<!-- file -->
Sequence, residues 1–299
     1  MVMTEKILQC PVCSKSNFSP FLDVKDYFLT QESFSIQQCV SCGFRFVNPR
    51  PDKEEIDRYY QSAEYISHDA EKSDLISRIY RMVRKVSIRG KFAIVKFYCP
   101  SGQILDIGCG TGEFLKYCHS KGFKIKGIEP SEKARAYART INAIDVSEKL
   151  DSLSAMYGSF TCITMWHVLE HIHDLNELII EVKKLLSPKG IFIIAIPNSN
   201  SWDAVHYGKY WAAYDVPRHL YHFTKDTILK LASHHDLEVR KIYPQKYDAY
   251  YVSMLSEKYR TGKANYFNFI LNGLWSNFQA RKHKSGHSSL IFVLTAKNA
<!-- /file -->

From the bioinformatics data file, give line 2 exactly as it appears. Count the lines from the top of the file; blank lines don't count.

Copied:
     1  MVMTEKILQC PVCSKSNFSP FLDVKDYFLT QESFSIQQCV SCGFRFVNPR